WILDLIFE CONTROL AND RELOCATION SPECIALIST
This is not a job for the timid. You've got to be fearless—not afraid to get down on your belly and crawl into small spaces, grab a ladder and climb to the very top of a roof, or duck and poke through spider webs and darkness in search of a hole or nest. The work can be dangerous; wild animals often have teeth and claws and won't hesitate to bite if they're afraid or are trying to protect themselves or their young.
You also have to be strong and healthy. You'll be working in rain or sunshine, in the hot summer or the dead of winter, in icy cold basements and scorching attics. You'll be carrying cages and loading and unloading equipment from your truck. You'll be on your hands and knees peeking into cracks and holes and pulling yourself onto rooftops to inspect chimneys and vents.
But strength isn't all you'll need. You'll also have to be good with people, as your customers will probably be right there with you as you do your work. You'll need to know how to be patient and how to explain what you're doing when customers ask. Wildlife control and relocation specialists have two major jobs. First, they remove problematic wildlife from urban areas—places where there are lots of people, homes, cars, and businesses. Second, they try to prevent wildlife from reentering those areas by relocating animals to their natural environment. The goal is to use humane techniques any time an animal is trapped or handled to avoid causing stress or injuries.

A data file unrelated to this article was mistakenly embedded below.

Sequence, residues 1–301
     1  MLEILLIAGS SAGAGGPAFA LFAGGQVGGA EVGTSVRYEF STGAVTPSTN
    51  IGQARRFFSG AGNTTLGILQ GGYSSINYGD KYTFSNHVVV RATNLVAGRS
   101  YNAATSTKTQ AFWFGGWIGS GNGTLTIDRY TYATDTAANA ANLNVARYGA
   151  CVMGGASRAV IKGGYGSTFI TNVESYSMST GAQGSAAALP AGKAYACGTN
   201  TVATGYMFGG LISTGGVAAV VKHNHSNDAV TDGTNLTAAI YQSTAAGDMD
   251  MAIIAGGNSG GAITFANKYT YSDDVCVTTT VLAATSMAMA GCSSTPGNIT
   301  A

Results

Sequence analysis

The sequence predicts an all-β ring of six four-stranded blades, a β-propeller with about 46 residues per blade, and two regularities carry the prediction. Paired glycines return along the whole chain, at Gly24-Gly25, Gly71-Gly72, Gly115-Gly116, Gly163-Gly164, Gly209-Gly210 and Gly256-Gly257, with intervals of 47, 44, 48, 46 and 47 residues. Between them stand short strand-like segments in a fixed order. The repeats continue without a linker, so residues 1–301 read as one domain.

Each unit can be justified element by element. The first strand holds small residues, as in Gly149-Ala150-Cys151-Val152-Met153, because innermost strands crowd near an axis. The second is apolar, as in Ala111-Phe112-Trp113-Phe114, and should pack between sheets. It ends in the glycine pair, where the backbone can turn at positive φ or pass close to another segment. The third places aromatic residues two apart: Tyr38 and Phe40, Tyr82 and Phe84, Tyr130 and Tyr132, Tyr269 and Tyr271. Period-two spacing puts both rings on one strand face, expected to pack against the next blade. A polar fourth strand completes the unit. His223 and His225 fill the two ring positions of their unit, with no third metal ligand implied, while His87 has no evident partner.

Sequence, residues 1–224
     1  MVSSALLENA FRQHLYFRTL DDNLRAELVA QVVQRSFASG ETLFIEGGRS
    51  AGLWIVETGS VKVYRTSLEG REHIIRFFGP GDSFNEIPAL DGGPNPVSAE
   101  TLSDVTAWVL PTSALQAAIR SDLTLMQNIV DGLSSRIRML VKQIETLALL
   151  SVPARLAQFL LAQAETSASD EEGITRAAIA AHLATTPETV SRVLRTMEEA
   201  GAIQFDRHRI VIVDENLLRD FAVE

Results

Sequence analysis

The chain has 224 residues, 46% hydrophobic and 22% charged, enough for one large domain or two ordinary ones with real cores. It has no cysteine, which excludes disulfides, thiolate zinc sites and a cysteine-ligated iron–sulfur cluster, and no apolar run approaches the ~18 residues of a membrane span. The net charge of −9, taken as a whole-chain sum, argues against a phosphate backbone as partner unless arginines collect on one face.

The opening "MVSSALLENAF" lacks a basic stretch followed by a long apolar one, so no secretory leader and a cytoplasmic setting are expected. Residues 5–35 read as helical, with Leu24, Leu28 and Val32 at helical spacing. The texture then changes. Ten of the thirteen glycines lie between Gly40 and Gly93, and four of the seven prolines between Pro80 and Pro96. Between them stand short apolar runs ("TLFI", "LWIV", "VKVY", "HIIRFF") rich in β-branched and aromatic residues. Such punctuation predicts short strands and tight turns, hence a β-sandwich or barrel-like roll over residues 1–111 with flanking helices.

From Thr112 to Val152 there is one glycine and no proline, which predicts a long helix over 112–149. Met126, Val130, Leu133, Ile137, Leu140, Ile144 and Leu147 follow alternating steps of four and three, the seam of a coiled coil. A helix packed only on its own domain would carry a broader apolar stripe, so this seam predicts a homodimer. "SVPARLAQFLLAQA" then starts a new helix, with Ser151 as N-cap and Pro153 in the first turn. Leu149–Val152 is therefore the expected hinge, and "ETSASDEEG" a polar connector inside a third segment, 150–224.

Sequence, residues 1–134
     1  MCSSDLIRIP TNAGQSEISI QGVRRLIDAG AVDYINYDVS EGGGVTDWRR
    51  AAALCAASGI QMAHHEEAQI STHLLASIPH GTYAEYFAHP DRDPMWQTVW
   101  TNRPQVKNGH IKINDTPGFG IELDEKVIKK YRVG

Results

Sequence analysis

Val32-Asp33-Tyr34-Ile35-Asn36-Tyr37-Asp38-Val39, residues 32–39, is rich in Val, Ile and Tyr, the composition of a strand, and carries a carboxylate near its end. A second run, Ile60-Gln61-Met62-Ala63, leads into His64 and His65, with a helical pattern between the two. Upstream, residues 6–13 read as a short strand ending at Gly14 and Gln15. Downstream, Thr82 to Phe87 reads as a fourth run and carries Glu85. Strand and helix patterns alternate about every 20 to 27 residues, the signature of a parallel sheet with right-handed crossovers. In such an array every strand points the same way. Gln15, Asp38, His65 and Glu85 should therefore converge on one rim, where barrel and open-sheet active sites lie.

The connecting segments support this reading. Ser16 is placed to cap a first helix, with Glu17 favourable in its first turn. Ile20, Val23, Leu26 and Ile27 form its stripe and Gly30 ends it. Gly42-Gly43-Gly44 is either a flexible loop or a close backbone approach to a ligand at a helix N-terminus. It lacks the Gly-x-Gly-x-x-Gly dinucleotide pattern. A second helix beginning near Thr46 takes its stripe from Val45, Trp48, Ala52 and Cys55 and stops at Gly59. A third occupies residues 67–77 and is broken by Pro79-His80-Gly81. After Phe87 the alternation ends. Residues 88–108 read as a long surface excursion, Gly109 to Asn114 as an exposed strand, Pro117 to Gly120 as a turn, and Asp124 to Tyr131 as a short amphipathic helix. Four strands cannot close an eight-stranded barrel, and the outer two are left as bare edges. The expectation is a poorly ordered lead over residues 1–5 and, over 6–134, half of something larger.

One way wildlife control and relocation workers prevent animals from entering homes is by placing sturdy steel screens over potential entryways like chimneys and vents. This prevents birds from flying down chimneys and into houses, and animals like squirrels and chipmunks from squeezing their way through air vents and into attics. Another way to discourage animals from reentering a home in which wildlife once lived is by deodorizing. Deodorizing removes the animal's scent. If the scent isn't removed, other animals will be tempted to come and investigate.
Once an animal is removed—usually with the use of harmless traps—it is relocated. The wildlife control and relocation professional drives the animal to a place where it is safe, can find food and shelter, and can live comfortably with other wildlife—like a park, for example. If the animal were relocated to a place where it wasn't comfortable, it would probably just try to enter another home or building.
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